2. This might sound horrible, but I strongly dislike my parents for having kids at their age. My dad was 40, my mom was 38. And they had been dating for over 7 years before they got married, so in my opinion, they were wasting time a bit since they both wanted kids. I never really had grandparents in my life, and I fear that if I have kids around 30 or so, that my parents won’t be healthy enough to be involved in my future children’s lives. 2 years ago, I was that person who never wanted kids or to even get married. But now, I’ve been thinking about definitely wanting kids before 30, but who knows if that will happen. By the time I have kids, I will probably have to take care of my parents, especially since I would be more willing than my brother. My dad is really active at 61 and in really good shape. But my mom is not and she never really was that active when my brother and I were younger. They’re paying for my expensive, private college and it’s not something they want to be doing at that age. They won’t ever be able to retire really, and after seeing what they have gone through from raising children at that age, it’s something I definitely don’t want to happen to me. I would rather not have children if it came down to it.

      While I think it’s great that people can have children at later and later ages these days, I also don’t think it’s fair to the children to have parents or even one parents who is much older.

      1. Blah..are much older*

      2. Temperance says:

        I don’t think grandparents are always that important. For example, I can’t stand Mr. Temperance’s father. My kids will not have any sort of relationship with him beyond seeing him once per year in a highly supervised setting. He will add nothing positive to their lives.

      3. I’m not close to any of my grandparents and I don’t feel like it really matters. It’s never really bothered me any.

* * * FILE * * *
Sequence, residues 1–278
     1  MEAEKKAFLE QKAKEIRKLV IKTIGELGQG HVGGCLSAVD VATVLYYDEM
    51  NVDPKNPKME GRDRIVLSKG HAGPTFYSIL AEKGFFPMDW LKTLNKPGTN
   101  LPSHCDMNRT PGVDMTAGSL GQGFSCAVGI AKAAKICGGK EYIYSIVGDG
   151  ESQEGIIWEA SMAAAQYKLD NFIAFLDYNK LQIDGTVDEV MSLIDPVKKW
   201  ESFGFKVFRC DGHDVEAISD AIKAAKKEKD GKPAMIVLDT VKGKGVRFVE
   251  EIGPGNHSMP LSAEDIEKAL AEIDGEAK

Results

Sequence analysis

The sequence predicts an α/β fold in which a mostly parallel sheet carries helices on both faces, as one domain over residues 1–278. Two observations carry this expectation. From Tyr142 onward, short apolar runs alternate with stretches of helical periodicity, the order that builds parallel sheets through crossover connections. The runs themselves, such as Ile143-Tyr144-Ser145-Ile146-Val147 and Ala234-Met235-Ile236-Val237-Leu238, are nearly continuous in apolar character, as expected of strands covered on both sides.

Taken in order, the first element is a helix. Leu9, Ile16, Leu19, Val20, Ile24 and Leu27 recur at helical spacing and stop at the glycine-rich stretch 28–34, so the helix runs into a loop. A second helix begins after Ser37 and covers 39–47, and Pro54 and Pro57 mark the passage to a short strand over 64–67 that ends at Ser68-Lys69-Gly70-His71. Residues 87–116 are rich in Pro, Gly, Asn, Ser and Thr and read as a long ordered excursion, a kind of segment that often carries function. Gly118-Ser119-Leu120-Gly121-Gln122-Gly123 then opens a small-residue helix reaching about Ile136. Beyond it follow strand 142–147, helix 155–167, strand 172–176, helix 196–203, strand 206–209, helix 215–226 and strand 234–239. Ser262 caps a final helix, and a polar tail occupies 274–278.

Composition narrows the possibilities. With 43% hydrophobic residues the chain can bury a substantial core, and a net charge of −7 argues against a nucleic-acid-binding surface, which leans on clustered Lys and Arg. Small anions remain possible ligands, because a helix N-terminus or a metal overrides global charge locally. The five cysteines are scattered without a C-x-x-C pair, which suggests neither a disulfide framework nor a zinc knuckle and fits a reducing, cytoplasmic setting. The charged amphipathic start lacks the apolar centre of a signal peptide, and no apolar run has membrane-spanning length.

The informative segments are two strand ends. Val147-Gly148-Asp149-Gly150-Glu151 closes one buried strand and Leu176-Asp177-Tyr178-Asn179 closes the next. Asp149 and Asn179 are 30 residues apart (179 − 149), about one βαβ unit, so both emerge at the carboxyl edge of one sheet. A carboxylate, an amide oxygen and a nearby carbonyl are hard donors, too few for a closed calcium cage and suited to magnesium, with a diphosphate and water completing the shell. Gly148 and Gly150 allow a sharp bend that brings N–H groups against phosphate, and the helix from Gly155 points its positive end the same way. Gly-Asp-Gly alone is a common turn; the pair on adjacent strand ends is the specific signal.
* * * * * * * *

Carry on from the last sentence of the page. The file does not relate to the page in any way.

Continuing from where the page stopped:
4. I had one kind of lousy grandpa (far away, fortunately), a decent grandma that I rarely saw, and two younger, energetic grandparents that I saw all the time since we lived in the same community. I’d come over to their house after school, they took us on trips, they did all the family birthday parties, we worked on their farm–it was fantastic. I also had a great-grandma that I worked for a lot during the summer (digging potatoes, feeding calves, slug removal, weeding strawberries, fixing lunch, etc.). If the geography had been reversed and we lived near the grumpy grandpa, it would have been a bummer, but if the geography and the interpersonal side work out, it’s very nice. My good grandparents are still living, and while they’ve slowed down, my relationship with them is very important to me.

        I had my kids relatively early, so their grandparents are also youngish, but we live 2,000 miles away, so they see each other once or twice a year. One set of grandparents hasn’t really gotten the concept of grandparenting. They’re mildly interested, it’s just that they rarely exert themselves. I suppose that you need a fairly large collection of grandparents and great-grandparents to ensure that you have at least one who is super interested and excited about the role. Aunties and great-aunts are also important and should not be ignored–the ones whose kids still haven’t provided grandchildren are especially good prospects.

      5. I had 2 grandparents and 1 step-grandparent alive when I was born and all 3 of them are crazy. I never had much of a relationship with any of them, and I do feel like I missed out, based on experiences from many friends of mine.

      6. katiebird says:

        I just want to say that I grew up knowing 2 grandmas, 1 step-grandma, and my pop-pop and they were a wonderful part of my life. I am so blessed to have known them and to have had them in my life. Everyones family is different, but I think you are doing a disservice to the wonderful grandparents of this world when you say that they arent that important.

      7. lets_be_honest says: